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KEEP IT SIMPLE! The Post is puzzled by Senator Kerry. Therein lies an ancestral tale:


KEEP IT VERY SIMPLE: We’ve puzzled over the press corps for years. But in some ways, this morning’s lead editorial in the Washington Post is one of the most surprising texts we have ever examined.

On Iraq, the Post is peeved with the president’s critics. “Critics have emphasized risks that the administration has skated over and have urged an effort to build alliances,” the Post writes. “What the critics have not always done is offer a cogent alternative policy. One could make a case that the risks of disarming Saddam Hussein outweigh the costs of living with his regime,” the paper continues. “We would not be persuaded, but the argument is respectable.”

The Post then lights into Bush’s critics, who have not made respectable or cogent presentations. It was the Post’s reaction to Senator Kerry that made us think very deep thoughts:

THE WASHINGTON POST: For the most part, though, the critics have not taken this tack. They have, rather, like Mr. Kennedy, acknowledged that Saddam Hussein is an unacceptable danger but then objected that Mr. Bush is responding too quickly or too aggressively. Or they have tried to have things more than one way, as in this statement from Sen. John F. Kerry (D-Mass.): “Let there be no doubt or confusion as to where I stand: I will support a multilateral effort to disarm Iraq by force, if we have exhausted all other options. But I cannot—and will not—support a unilateral, U.S. war against Iraq unless the threat is imminent and no multilateral effort is possible.” But if Saddam Hussein is dangerous now, he will grow only more so as he rearms without the restraint of international inspectors or meaningful trade sanctions. And if the threat is so great as to justify a war, can it really be safe not to act just because U.S. allies won’t go along?
We regard this as one of the most striking texts we have reviewed in our years at THE HOWLER.

Let’s note first: The Post’s account of Kennedy’s stance is extremely low wattage. There is nothing strange about the view the paper attributes to the solon—the view that Saddam is an unacceptable danger but Bush is responding too quickly. Kennedy may be right or he may be wrong in these views, but there is nothing contradictory or irrational about them. But for some reason, this is the paper’s first example of those troubling critics of Bush—the critics who haven’t made a “respectable case” or offered a “cogent policy.”

But regarding Kerry, the paper’s stance is startling. For those who are able to process English, this is what Kerry has said:

  1. He would first seek a multilateral, non-military effort to disarm Iraq (presumably, some sort of voluntary inspections).
  2. If that fails, he would support a multilateral military effort to disarm Iraq.
  3. He would support a unilateral military approach if the threat from Saddam became imminent.
This is about as confusing as 2 plus 5. Indeed, this resembles the sequence the Bush administration now seems to be pursuing. But to all appearances, the Washington Post is profoundly perplexed by the senator’s puzzling proposal. For unknown reasons, the editorial says that Kerry is “tr[ying] to have things more than one way”—as he lays out the very sequence which the Bush admin seems to be following. And surely, the Post’s final sentence here is a keeper. “[I]f the threat is so great as to justify a war,” the paper asks, “can it really be safe not to act just because U.S. allies don’t go along?” The answer is clear in Kerry’s statement: No. In his statement, Kerry clearly says that he would be willing to go to war even if U.S. allies won’t go along.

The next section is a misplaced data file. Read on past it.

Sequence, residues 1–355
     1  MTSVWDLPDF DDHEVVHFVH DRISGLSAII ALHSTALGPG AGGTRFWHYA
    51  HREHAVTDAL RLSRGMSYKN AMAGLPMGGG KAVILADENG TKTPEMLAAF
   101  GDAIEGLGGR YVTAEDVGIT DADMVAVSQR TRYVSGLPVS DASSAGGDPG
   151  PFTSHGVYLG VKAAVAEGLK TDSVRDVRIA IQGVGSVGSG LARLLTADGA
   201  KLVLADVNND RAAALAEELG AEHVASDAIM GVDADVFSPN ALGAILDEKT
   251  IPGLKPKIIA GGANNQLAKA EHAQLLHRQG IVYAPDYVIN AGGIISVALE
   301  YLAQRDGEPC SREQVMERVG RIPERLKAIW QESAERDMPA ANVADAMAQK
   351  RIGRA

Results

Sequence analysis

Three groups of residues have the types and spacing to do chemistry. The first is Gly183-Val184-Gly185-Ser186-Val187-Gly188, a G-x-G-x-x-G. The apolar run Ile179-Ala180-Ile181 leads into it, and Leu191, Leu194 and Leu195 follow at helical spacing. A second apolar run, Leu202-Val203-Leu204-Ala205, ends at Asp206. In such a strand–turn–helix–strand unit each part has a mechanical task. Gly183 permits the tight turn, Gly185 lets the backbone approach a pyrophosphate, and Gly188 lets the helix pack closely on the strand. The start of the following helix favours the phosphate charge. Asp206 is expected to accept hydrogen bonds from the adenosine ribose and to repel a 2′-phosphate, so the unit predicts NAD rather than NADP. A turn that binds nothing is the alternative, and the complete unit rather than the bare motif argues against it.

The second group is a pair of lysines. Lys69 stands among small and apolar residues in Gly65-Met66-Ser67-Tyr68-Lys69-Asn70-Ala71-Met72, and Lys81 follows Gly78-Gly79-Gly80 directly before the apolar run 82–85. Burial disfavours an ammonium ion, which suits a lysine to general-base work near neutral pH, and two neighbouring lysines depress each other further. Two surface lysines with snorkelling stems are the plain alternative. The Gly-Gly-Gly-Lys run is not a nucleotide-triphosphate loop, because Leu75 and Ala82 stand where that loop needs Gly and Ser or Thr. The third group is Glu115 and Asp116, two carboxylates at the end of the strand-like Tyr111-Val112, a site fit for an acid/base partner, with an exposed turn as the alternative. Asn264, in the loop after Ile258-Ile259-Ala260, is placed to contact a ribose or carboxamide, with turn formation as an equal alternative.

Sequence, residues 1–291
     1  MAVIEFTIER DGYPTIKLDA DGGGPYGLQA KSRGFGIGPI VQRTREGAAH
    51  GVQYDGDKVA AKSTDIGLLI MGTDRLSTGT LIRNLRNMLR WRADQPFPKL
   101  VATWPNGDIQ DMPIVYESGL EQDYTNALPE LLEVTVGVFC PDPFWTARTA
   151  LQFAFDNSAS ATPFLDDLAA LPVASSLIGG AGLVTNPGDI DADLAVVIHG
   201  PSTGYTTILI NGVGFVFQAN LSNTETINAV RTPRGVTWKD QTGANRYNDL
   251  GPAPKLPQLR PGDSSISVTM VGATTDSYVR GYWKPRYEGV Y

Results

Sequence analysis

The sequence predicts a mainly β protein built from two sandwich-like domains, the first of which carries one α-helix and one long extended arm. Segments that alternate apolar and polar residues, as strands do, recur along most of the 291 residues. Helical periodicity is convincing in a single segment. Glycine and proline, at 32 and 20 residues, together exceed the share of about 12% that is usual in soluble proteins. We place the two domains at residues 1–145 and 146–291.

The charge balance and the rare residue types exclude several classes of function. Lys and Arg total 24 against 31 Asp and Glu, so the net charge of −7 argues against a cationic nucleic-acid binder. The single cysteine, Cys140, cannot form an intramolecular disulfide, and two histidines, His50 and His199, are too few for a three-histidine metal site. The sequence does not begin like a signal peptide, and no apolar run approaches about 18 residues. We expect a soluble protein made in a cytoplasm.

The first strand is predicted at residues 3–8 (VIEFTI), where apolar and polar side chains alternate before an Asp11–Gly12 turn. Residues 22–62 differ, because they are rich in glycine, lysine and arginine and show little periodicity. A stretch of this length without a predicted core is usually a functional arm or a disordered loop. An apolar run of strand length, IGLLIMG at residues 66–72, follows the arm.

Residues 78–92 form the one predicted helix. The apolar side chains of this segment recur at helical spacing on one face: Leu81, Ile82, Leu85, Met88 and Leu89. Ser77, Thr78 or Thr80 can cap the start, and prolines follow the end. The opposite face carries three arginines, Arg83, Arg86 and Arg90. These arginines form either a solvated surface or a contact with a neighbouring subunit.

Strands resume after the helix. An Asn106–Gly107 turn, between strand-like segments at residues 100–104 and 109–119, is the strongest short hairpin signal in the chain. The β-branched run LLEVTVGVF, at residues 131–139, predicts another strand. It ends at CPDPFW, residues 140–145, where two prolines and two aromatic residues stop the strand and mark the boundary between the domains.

It’s rare that our press corps’ intellectual limits are put on display quite so baldly. As described, Kennedy’s “tack” is perfectly cogent, whether you agree with it or not. And Kerry lays out a simple sequence—a sequence which children could follow. Indeed, this is the stance which Kerry described last week when he met with young cadets at the Citadel (see THE DAILY HOWLER, 10/3/02). On that evening, teen-aged students debated the senator with perfect understanding. At The Post, though, confusion is all.

We often marvel at the low-voltage work turned out by the celebrity press corps. In most cases, one can’t tell if the scribes are as weak of mind as they may appear, or if they are simply dissembling. But here, The Post lays it right on the line; a startling inability to reason is manifest. These passages from The Post should be startling. But on the basis of this kind of work, our council of war is being conducted at the top of our celebrity press corps.

Socrates warned us long ago—the human mind is very weak. Our manifest human limitations would make democracy a very tough go. This morning’s editorial should be deeply sobering, and it surely brings us face to face with a well-known, ancestral conundrum.

DOING THE PUNDITS’ JOB FOR THEM: It’s sad that it fell to Senator Byrd to lay out the obvious question. Indeed, why is the Congress handing its powers over to the president this week? Almost everyone seems to agree: In time, a decision will probably have to be made concerning military action in Iraq. So why is the Congress handing over its authority today, instead of waiting for the day when final judgments will be on the table?

This question is very basic. We’ve seen it raised by Senator Boxer; today, Byrd lays it out clearly. But when you read the work of the Washington Post—and when you read yesterday’s nonsense from David Broder (see THE DAILY HOWLER, 10/9/02)—is it any wonder that the simplest questions have to come from aging pols, rather than from the self-pleased persons who comprise our celebrity “press corps?”